Powering Health with Clean Energy in Sub-Saharan Africa
- Health facilities across sub-Saharan Africa lack reliable power and digital connections.
- HETA is supporting increased energy access and digital connectivity in health facilities.
- Reliable power and connectivity save lives and builds sustainable livelihoods.
Across sub-Saharan Africa, tens of thousands of health facilities lack access to reliable electricity and internet connections. Without them, facilities can’t keep the lights on for births or emergency surgeries at night or reliably provide patients with oxygen. They also can’t refrigerate vaccines and other temperature-sensitive medical commodities or use the digital communications and records management tools that modern medicine relies on.
Health facilities often meet energy access needs by installing diesel-powered generators, but this is a temporary solution that requires expensive fuel and carries the potential for equipment-damaging power surges. Despite a recent push to install solar panels and other renewable energy systems in and around health facilities, a lack of sustained funding and trained personnel to operate and maintain the systems has limited their ability to support health service delivery on a wider scale. This creates gaps in essential care and life-saving health services for millions, and diminishes the health system’s resilience to stresses and shocks caused by disease outbreaks, climate change, or other factors. The Abt-led Power Africa Health Electrification and Telecommunications Alliance (HETA) is designed to meet these challenges at the scale the region requires.
The five-year, $47 million Global Development Alliance—comprising Abt and HETA core partners RESOLVE, bechtel.org (Bechtel’s social enterprise), and Orange—will leverage significant public and private sector resources to install clean, reliable power and provide mobile network and internet access for health facilities across sub-Saharan Africa. Together, we are building a diverse coalition of co-funders and implementation partners to deliver on HETA’s goals.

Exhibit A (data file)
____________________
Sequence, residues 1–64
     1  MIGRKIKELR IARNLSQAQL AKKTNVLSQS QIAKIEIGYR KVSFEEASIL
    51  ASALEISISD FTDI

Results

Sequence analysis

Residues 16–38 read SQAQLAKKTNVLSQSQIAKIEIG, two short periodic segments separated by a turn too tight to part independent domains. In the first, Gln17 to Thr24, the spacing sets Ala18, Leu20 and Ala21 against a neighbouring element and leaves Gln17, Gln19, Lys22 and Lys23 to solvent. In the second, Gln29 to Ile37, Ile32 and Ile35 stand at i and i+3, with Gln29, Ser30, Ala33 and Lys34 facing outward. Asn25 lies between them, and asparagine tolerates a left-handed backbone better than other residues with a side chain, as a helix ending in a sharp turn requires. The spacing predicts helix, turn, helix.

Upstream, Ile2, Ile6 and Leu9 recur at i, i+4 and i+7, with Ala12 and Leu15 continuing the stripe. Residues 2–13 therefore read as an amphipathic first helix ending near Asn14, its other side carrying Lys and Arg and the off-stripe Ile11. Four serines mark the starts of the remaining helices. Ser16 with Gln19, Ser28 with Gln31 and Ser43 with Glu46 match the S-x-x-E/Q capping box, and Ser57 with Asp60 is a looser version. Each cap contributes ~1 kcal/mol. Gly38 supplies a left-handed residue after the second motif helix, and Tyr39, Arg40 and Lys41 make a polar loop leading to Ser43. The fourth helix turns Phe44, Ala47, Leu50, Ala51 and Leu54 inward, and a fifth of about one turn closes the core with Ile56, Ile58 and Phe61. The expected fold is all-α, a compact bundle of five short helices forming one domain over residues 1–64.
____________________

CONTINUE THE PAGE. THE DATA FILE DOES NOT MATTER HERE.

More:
HETA’s model emphasizes energy as a service, which means going beyond procuring and installing equipment at each facility to also support long-term operations and maintenance (O&M) of the systems. Funding O&M addresses a key challenge for sustainability. Of course, the systems will include solar, battery, and other innovative energy technology, but they will also incorporate mobile network access through cell towers and other infrastructure. All this requires funding and innovation beyond USAID’s initial investment. Thus, HETA is convening a diverse group of partners, including private sector entities, African government allies, non-profit foundations, donors, and energy and telecommunications service providers.
System designs, where feasible, will also enable sales of surplus power (off-take) to businesses and families in the surrounding communities, which will help generate revenue for system maintenance, supporting financial sustainability. It also transforms health facilities into hubs for local development, giving people access to the power and connectivity they need to start or grow businesses, stimulate incomes, and create new communities of connection.
Over five years, HETA’s work will enable improvements to health outcomes and sustained access to clean energy and internet connections for communities and health service providers across sub-Saharan Africa. Working with Power Africa, Abt is formalizing commitments with the first tranche of partners to begin country implementation in 2023.
HETA’s long-term vision seeks organizational sustainability beyond these first five years. Working with Power Africa and our partners, we are also convening partners to help build the governance structure and funding base for an independent organization that can continue our work into the future, ideally without USAID funds.
For more information or to find out how to join the alliance, please share your contact details with us: